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This paper describes a framework that serves as a reference for classifying user interfaces supporting multiple targets, or multiple contexts of use in the field of context-aware computing. In this framework, a context of use is decomposed into three facets: the end users of the interactive system, the hardware and software computing platform with which the(More)
This paper introduces the notion of plasticity, a new property of interactive systems that denotes a particular type of user interface adaptation. Plasticity is the capacity of a user interface to withstand variations of both the system physical characteristics and the environment while preserving usability. Typically, a 'plastic' electronic agenda would(More)
We propose the CARE properties as a simple way of characterising and assessing aspects of multimodal interaction: the Complementarity, Assignment, Redundancy, and Equivalence that may occur between the interaction techniques available in a multimodal user interface. We provide a formal definition of these properties and use the notion of compatibility to(More)
This article reports our reflection on software architecture modelling for multiuser systems (or groupware). First, we introduce the notion of software architecture and make explicit the design steps that most software designers in HCI tend to blend in a fuzzy way. Building on general concepts and practice from main stream software engineering, we then(More)
One of the new design goals in Human Computer Interaction is to extend the sensory-motor capabilities of computer systems to better match the natural communication means of human beings. This article proposes a dimension space that should help reasoning about current and future Multi-Sensori-Motor systems (MSM). To do so, we adopt a system centered(More)
Mobility coupled with the development of a wide variety of access devices has engendered new requirements for HCI such as the ability of user interfaces (UIs) to adapt to different contexts of use. We define a context of use as the set of values of variables that characterize the computational device(s) used for interacting with the system as well as the(More)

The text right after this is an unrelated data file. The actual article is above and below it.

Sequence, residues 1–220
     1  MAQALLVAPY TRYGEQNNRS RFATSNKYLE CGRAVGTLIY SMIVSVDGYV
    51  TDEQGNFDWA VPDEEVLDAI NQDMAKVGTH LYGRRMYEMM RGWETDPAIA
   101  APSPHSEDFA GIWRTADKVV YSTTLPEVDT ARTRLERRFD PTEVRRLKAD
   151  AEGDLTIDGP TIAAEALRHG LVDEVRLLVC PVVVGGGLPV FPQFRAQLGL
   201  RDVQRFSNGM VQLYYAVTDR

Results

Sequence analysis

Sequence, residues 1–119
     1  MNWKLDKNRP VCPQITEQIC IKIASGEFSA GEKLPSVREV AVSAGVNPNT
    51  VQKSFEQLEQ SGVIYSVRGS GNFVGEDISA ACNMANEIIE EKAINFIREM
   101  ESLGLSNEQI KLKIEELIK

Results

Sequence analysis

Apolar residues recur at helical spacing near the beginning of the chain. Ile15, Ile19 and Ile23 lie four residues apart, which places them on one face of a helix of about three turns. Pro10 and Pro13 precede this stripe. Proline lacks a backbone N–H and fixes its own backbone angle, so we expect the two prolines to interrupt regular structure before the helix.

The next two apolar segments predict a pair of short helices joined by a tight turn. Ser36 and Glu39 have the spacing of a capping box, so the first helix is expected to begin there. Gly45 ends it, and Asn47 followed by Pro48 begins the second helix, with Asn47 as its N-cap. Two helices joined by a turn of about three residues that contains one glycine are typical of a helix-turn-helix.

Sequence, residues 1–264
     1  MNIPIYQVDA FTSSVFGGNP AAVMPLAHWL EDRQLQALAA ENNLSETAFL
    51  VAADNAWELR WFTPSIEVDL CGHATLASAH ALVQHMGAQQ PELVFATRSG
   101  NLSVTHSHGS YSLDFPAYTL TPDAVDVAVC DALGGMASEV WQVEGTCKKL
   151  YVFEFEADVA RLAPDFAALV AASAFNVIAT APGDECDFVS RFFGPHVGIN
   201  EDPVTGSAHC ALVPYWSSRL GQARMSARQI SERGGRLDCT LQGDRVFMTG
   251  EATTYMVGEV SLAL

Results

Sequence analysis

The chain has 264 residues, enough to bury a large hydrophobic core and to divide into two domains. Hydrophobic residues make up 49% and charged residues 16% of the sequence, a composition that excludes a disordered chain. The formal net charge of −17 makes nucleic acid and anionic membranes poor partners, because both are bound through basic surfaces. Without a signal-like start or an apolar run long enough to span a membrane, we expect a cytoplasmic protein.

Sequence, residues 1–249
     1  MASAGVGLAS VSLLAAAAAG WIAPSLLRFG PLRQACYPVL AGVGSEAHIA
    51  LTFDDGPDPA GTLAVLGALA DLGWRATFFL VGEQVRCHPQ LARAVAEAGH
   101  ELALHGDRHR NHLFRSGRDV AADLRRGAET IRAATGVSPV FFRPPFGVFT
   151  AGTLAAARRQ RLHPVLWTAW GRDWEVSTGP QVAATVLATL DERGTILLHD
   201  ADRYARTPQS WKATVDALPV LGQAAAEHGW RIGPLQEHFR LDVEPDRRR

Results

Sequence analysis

the widespread introduction of things and environments that see. However, reaping the benefits of ubiquitous perception will require consideration of human abilities and social needs as an integral part of system design. Research in human-computer interaction (HCI) has developed cognitive theories, design methods, and software tools for building useful and(More)
A number of architectural models, such as PAC, are available for the software design of interactive systems. These design abstractions, however, are not always clearly articulated nor do they explicitly exploit the foundational concepts developed recently in mainstream software architecture engineering. Similarly, technical solutions from mainstream(More)
Distributed User Interfaces (DUIs) are those interfaces whose different parts can be distributed in time and space on different monitors, screens, and computing platforms, depending on several parameters expressing the context of use, such as the user, the computing platform, and the physical environment in which the user is carrying out her interactive(More)